By Josh Gerben
Trademark symbols are everywhere, from website terms-of-service contracts to breakfast cereal boxes. But while trademarks may be ubiquitous, they’re often a source of confusion for many small business owners.
How important is it to have a trademark? How much should the process cost? And once you have a trademark, how do you go about protecting it? The answers to the first two questions vary depending on the situation, but the answer to how to protect your trademark remains constant: you must be prepared and vigilant.
The following tips will help you gain a better understanding of what it takes to defend your trademark from infringement.
Select a Strong Trademark
The first step in protecting your trademark comes very early in the process — when you’re determining the trademark itself. Consider the following tips as you are in the process of determining the name or phrase you want to trademark:
- Made-up words (e.g. Kodak, Viagra) are excellent trademark candidates because they are completely unique and don’t have any other common meaning.
- Common English words that are not directly related to the product (e.g. Apple computers, Jaguar automobiles) can also anticipate relatively broad trademark protection.
- Descriptive trademark applications (e.g. “Sweet Lollipop Store”) or trademark applications that include a laudatory word like “super” or “top” will have limited trademark protection at best.
Be aware that the more your trademark actually describes the product/service you offer, the more difficult time you may have defending your trademark. But at the end of the day, only you can decide whether you want to have a trademark that’s extremely unique versus one that is more descriptive. The most important thing is to make that decision with the full awareness of how widely or narrowly your trademark ownership will be able to be enforced.
Registering Your Marks
Trademark registration can be done through the United States Patent and Trademark Office (USPTO), and it is a fairly cost-effective way of putting some legal weight behind your brand elements. But be aware that registering a trademark doesn’t happen overnight — in fact, you’re looking at a minimum of eight months. That’s why it’s so important to start the registration process sooner rather than later, so that you ensure you have the resources you need to enforce your trademark as necessary.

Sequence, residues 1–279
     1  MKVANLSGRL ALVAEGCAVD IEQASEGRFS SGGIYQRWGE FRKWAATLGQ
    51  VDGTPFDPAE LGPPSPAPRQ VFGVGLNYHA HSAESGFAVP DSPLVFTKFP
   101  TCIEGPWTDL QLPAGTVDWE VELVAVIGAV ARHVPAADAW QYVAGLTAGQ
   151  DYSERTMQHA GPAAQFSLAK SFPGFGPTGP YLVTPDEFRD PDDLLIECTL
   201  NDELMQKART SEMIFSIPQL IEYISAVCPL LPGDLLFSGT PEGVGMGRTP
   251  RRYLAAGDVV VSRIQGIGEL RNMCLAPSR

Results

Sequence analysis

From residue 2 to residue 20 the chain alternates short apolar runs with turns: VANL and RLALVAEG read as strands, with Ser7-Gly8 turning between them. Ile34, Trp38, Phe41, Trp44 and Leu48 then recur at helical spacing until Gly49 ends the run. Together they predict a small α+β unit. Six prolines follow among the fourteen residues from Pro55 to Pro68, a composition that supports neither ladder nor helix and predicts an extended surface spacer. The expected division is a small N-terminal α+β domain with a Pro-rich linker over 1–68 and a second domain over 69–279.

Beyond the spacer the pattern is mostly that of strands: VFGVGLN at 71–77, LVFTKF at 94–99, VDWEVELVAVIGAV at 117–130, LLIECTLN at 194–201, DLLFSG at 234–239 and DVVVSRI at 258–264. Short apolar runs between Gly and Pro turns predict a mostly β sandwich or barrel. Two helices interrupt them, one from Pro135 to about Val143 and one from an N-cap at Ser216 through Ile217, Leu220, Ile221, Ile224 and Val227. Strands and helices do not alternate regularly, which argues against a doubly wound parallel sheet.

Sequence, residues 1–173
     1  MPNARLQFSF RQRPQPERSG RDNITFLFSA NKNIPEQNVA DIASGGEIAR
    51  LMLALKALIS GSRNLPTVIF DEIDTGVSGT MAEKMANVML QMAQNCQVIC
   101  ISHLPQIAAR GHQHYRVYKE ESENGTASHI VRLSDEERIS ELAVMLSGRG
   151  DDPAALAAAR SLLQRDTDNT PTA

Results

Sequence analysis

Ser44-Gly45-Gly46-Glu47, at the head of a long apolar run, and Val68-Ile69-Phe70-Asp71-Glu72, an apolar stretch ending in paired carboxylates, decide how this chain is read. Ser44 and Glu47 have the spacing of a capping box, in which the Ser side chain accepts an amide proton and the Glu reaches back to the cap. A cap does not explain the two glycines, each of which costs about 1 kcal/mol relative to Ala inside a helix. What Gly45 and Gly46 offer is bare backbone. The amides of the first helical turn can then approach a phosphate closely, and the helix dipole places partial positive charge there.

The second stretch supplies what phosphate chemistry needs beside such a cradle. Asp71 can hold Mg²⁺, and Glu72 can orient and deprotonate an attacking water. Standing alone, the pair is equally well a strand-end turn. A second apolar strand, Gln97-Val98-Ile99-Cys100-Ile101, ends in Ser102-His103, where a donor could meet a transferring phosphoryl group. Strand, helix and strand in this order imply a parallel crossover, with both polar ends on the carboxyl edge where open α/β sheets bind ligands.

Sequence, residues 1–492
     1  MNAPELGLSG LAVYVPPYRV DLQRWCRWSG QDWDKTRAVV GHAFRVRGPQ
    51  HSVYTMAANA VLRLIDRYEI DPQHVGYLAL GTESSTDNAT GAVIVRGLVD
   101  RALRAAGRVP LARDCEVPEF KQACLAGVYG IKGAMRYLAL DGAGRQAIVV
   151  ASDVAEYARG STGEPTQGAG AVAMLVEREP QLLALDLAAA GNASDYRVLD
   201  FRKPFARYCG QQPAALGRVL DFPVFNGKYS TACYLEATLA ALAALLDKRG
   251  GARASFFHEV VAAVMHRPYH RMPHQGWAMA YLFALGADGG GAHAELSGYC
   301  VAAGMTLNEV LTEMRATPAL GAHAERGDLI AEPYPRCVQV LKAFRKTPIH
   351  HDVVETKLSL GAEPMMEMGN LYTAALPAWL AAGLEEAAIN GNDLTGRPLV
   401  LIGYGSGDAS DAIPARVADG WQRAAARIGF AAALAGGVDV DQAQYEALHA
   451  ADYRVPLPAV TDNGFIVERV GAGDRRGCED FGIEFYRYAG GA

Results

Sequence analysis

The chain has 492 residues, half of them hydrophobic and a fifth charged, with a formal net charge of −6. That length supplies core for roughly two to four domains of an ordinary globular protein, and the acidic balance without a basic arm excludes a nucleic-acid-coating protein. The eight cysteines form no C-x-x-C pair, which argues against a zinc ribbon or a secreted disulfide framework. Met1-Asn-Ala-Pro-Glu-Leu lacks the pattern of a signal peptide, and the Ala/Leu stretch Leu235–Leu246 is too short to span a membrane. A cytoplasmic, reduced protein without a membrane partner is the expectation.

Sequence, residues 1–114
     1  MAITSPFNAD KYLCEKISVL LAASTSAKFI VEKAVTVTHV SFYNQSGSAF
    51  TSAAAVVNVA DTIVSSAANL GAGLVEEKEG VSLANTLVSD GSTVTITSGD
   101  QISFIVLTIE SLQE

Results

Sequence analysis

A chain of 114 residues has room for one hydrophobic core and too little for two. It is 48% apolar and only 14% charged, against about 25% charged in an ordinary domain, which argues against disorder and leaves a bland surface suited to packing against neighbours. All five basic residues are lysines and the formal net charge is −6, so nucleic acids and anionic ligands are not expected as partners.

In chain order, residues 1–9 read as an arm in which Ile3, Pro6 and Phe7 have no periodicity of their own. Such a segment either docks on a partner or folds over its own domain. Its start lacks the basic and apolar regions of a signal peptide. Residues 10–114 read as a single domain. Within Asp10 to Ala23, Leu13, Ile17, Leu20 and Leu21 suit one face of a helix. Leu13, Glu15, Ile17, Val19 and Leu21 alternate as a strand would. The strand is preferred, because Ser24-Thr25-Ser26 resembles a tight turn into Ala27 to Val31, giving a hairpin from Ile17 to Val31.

Once your trademark is registered, you’ll enjoy numerous benefits including:
- A registered trademark gives you the ability to enforce your trademark ownership in federal court, should that ever become necessary.
- A more practical reason to register a trademark is that it’s a great deterrent to others who may be considering naming their product/service the same thing. The fact that your registered brand shows up in a trademark search result is enough to dissuade most people from pursuing the name further — they’d rather consider other options than get involved in potential legal hassles.
- If another company is using your trademark as its Facebook user name, Google ID, etc., a federally registered trademark showing you as the owner may help convince the site to take down the infringing content, giving you the username or ID in question.
Employ a Watch Service
Keeping up with your trademark renewals is the first step in maintaining a valid trademark registration, but just as important is monitoring your trademark for potential cases of infringement. If you don’t pursue infringement vigorously, your lackadaisical approach to defense can actually be used against you in court. That’s right. If you don’t defend your trademarks, a judge could say that you failed to police your trademark and you could lose your rights to it.
No business owner has the time to watch every corner of the world for trademark violations, so watch services offered by a trademark law firm can assist you in keeping your trademark valid and enforceable. If you’re serious about protecting your trademark, engage a trademark attorney to conduct a trademark monitoring service for your trademark.
Bring in a Lawyer
Trademark disputes can seemingly come out of nowhere, and you never know if or when you will need to defend your trademark against infringement, or be accused of infringement by another company. By retaining a good trademark lawyer from the start, you can avoid some of the costly mistakes commonly made by small businesses.
Trademark infringement doesn’t need to cause quantifiable harm, it simply has to increase the likelihood of it — just ask the Victor Moseley, who was barred from naming his small lingerie shop “Victor’s Secret.” In today’s legal environment, you need to know that your back is covered.